I work with a sheriff’s office that is partially unionized. The unionization process was a two-year ordeal for one particular office, and in the end, it was decided that the staff would unionize, but the senior supervisors would not. This created a lot of complexity and division within the office.
When their staff were considering joining the union, the manager and assistant manager of the department reached out to me — not because they are anti-union but because they were convinced that they were terrible leaders and terrible supervisors. They worried their staff felt unhappy, mistreated, and otherwise poorly led and therefore needed a union for protection.
During the unionization process, morale at the office took a nosedive. Trust diminished. There were things they couldn’t talk about. Suspicion ruled. The leadership internalized their worry and stress, thinking what did we do wrong?
During one conversation with leadership, I asked, “Do you even know why they’re interested in joining the union? Have you asked?”
It was a simple question that ended up being really insightful.
Their answer? “No. We don’t know.”
“But your speculation is that it’s because you’re doing something wrong,” I suggested.
“Yes,” they admitted.
Failing to ask that one simple question of why led to nearly two years of frustration, poor communication, reading into things, worrying about even more things, and being afraid to say what needed to be said.
Needless to say, the outcome was not stellar.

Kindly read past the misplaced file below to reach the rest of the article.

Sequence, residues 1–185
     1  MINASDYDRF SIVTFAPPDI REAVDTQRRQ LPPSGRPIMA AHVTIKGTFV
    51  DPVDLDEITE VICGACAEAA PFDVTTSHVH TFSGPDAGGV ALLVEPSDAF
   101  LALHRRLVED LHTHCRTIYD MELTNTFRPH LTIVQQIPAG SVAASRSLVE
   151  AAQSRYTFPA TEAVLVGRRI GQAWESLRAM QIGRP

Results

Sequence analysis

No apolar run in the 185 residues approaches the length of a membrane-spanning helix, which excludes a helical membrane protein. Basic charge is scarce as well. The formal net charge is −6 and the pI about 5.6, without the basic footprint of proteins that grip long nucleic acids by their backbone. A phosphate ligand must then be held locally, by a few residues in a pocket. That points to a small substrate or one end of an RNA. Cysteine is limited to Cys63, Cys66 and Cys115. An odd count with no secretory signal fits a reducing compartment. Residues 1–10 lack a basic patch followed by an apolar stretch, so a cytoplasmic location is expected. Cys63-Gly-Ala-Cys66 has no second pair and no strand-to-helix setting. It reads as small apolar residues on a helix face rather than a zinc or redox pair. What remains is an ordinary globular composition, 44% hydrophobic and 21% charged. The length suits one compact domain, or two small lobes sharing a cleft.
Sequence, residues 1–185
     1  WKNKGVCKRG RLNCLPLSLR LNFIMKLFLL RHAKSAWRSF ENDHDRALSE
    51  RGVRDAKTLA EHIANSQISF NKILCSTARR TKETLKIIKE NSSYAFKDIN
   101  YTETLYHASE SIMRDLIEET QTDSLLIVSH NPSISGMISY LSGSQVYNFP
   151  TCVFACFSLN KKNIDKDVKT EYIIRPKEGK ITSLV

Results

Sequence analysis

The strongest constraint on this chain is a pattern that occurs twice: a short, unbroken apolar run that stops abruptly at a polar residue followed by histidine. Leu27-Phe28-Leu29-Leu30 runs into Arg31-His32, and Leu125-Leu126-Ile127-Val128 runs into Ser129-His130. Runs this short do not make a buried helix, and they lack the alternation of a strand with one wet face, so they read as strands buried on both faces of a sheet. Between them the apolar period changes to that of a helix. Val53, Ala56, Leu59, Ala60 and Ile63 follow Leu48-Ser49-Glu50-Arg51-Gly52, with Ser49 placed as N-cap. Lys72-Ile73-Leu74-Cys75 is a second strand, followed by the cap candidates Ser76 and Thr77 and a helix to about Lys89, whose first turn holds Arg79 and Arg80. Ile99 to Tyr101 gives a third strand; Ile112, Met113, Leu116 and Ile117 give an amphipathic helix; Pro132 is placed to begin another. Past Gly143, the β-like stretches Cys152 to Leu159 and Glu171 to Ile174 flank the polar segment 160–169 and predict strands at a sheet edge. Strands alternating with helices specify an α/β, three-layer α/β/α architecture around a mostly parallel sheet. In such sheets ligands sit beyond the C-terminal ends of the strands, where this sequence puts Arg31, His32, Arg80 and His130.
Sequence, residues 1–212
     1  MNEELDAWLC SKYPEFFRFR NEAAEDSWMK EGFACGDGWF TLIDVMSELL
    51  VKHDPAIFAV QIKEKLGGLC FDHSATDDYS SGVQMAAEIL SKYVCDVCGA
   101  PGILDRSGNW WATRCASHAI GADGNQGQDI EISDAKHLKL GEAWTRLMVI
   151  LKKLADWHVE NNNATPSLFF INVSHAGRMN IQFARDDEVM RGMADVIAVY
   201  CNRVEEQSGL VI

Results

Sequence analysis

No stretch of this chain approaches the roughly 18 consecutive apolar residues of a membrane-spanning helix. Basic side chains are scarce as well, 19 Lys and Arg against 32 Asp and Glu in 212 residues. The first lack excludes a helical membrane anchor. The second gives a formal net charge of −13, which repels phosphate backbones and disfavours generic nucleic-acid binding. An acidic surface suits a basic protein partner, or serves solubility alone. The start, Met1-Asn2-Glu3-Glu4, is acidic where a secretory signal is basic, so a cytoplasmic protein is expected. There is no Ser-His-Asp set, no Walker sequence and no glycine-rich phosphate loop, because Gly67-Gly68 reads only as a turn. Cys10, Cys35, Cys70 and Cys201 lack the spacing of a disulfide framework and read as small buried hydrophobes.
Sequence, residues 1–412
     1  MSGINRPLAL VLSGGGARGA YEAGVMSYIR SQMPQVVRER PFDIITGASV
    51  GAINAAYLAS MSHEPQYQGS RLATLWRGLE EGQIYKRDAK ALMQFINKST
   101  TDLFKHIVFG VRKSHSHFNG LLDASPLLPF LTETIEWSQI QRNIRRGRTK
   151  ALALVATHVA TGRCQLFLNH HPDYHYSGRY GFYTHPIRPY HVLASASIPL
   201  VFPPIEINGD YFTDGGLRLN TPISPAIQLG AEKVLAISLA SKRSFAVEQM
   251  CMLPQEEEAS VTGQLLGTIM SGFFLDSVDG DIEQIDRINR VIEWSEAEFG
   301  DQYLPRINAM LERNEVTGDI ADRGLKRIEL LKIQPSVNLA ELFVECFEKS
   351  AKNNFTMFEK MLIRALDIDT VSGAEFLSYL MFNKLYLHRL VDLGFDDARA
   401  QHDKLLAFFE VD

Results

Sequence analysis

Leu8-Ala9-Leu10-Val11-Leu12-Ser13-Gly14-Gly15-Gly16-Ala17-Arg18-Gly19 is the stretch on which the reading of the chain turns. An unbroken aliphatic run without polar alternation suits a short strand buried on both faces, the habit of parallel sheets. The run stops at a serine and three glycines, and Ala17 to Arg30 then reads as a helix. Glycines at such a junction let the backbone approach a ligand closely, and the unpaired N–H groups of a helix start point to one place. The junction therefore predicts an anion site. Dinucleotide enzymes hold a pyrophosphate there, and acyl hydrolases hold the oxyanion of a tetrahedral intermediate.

So leadership called me in to help rebuild their team.
Like I said, they were convinced the unionized staff, and possibly their supervisors who also considered the union themselves, resented their leadership and were dissatisfied at work. But lo and behold! We found out that quite the opposite was true.
Unbeknownst to management, the supervisors, at least, didn’t ask to become part of the union. As it turns out, they were asked to join by the union, and before they knew it, they had gotten swept up in a momentum they couldn’t control, that had started with the staff.
The more they learned, it became abundantly clear that the staff had absolutely ZERO issues with their direct management’s leadership — or the way the sheriff’s office was treating them.
What we also discovered is that the supervisors saw the union as a way to fight the county — with which they were clearly unhappy — and get better pay and benefits. They were in it for the union leverage, not to spite the sheriff’s office leadership.
One other great discovery we made: it wasn’t just the leadership that felt awful about the whole situation. The supervisors felt stilted, frustrated, and annoyed by the division within the team and the lack of communication that occurred because of the things the union wouldn’t allow them to talk about. They couldn’t wait for it all to be over, either.
The instant that became clear, the energy in the room changed. The clarity increased 100-fold. Everything they thought was a problem, it turns out, was not a problem.
Once everyone realized this had been a painful experience for the entire office, forgiveness and reconciliation was easy. No one had meant any harm. There was no malice. There was only fear and suspicion (of which we’ve all been guilty).
Lesson learned: Remember to ask clarifying questions. Seek understanding and transparency. Always. Keep your worries in check. Worry can either be debilitating or a fabulous tool to lead you to better questions if you can avoid the pit of self-judgment.